Hydrogen is an attractive form of fuel because its only by-product is nonpolluting water vapor. The problem, however, is that the production of hydrogen—via the process of water splitting—currently requires the burning of traditional fossil fuels. Therefore, water splitting by photoelectrochemical cells (PECs) fueled by solar power has long been a primary goal of sustainable energy research. One roadblock to this goal is that the search for stable, affordable, high-performance PEC electrodes has so far failed to identify an ideal material. Now, researchers from Switzerland, China, and Berkeley have gained an in-depth understanding of the electronic structure of hematite (iron oxide), a promising PEC photoanode candidate, by performing in situ and operando soft x-ray spectroscopy at ALS Beamline 7.0.1.
Hematite (α-Fe2O3), the mineral form of iron oxide (i.e., rust), is an interesting PEC photoanode material because of its affordability, availability, good stability, and good spectral match to the solar spectrum. It has a relatively small band gap (2.0 eV), giving it the ability to harvest over 16% of standard solar illumination. Although the conduction band of hematite is too low to reduce water, when a dc bias is applied, such as in a tandem cell, water splitting is possible. However, the incident-photon-to-current efficiency (external quantum efficiency) of hematite is less than that of other metal oxides due to its electronic structure, which causes an ultrashort electron–hole excited-state lifetime. Because of inefficient charge separation, the photocurrent produced is limited by the holes that reach the semiconductor–liquid junction. Recent efforts to optimize the nanostructured morphologies of hematite photoanodes have led to significant improvements in performance, but in spite of these efforts, the overall solar-photon-to-photocurrent efficiency in hematite remains at only about a third of its potential.
Thus, a complete understanding of the surface electronic states of hematite has so far been the subject of much interest as well as debate. It has historically been suspected that in hematite, two different holes are formed with different water-splitting power. The existence of different types of holes with disparate reactivity toward water oxidation has broad implications for the ultimate performance of hematite. But studies of this phenomenon are complicated by the fact that the holes needed for solar-powered water splitting by hematite require an anodic electric bias in addition to optical illumination. Moreover, the holes are transitional and quite elusive.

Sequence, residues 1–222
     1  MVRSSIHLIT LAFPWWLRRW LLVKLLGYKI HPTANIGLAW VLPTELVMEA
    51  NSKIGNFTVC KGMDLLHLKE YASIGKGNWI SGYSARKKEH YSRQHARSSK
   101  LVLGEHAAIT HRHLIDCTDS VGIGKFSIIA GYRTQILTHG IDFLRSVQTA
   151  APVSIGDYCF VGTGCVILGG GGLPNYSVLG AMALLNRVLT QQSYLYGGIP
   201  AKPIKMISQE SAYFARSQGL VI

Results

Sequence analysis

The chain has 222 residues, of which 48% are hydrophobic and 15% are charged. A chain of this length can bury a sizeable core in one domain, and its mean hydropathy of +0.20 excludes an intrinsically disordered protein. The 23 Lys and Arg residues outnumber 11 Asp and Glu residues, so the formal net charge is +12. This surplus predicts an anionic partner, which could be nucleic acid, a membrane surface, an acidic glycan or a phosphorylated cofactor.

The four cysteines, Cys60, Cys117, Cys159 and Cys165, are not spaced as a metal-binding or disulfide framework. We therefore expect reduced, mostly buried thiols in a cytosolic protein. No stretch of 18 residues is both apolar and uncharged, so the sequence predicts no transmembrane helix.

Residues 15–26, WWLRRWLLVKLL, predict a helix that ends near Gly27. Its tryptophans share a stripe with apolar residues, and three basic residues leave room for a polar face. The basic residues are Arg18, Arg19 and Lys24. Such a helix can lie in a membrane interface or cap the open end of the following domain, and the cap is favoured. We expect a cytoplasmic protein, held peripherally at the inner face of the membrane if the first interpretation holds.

In this work, the researchers used a specially designed soft x-ray in-situ/operando cell developed at the ALS to perform photoelectrochemical experiments with state-of-the-art silicon-doped and nanostructured hematite photoanodes in alkaline electrolyte. They recorded near-edge x-ray absorption fine-structure (NEXAFS) spectra under simulated sunlight and in the dark. Under these conditions, two new spectral signatures evolved in the valence band, which the researchers identified as an O 2p hole transition into the charge-transfer band and an Fe 3d-type hole transition into the upper Hubbard band.This is the first time that an analysis of the electronic structure of a PEC photoanode has been performed operando under control of an electrochemical potential. Two different hole transitions were identified, validating a long-speculated electronic aspect of hematite. The O 2p hole appears and disappears at a potential below that of the Fe 3d hole, suggesting that it is more reactive at the same potential. In contrast to established perception, the Fe 3d hole, less energetic than the O 2p hole but with a larger spectral weight, is also active for water activation, and there is little difference in their activity.
Research conducted by: A. Braun [Swiss Federal Laboratories for Materials Science and Technology (Empa)]; K. Sivula and M. Grätzel (Ecole Polytechnique Federal de Lausanne, Switzerland); D.K. Bora [Swiss Federal Laboratories for Materials Science and Technology (Empa); University of Basel, Switzerland; and ALS); J. Zhu and L. Zhang (National Synchrotron Radiation Laboratory, China); E.C. Constable (University of Basel, Switzerland); and J. Guo (ALS).
Research funding: Hydrogen Program of the Swiss Federal Office of Energy, the Swiss National Science Foundation, and the European Community. Operation of the ALS is supported by the U.S. Department of Energy, Office of Basic Energy Sciences.
Publication about this research: A. Braun, K. Sivula, D.K. Bora, J. Zhu, L. Zhang, M. Grätzel, J. Guo, and E.C. Constable, “Direct Observation of Two Electron Holes in a Hematite Photo-Anode during Photoelectrochemical Water Splitting,” J. Phys. Chem. C 116, 16870 (2012).
ALS SCIENCE HIGHLIGHT #256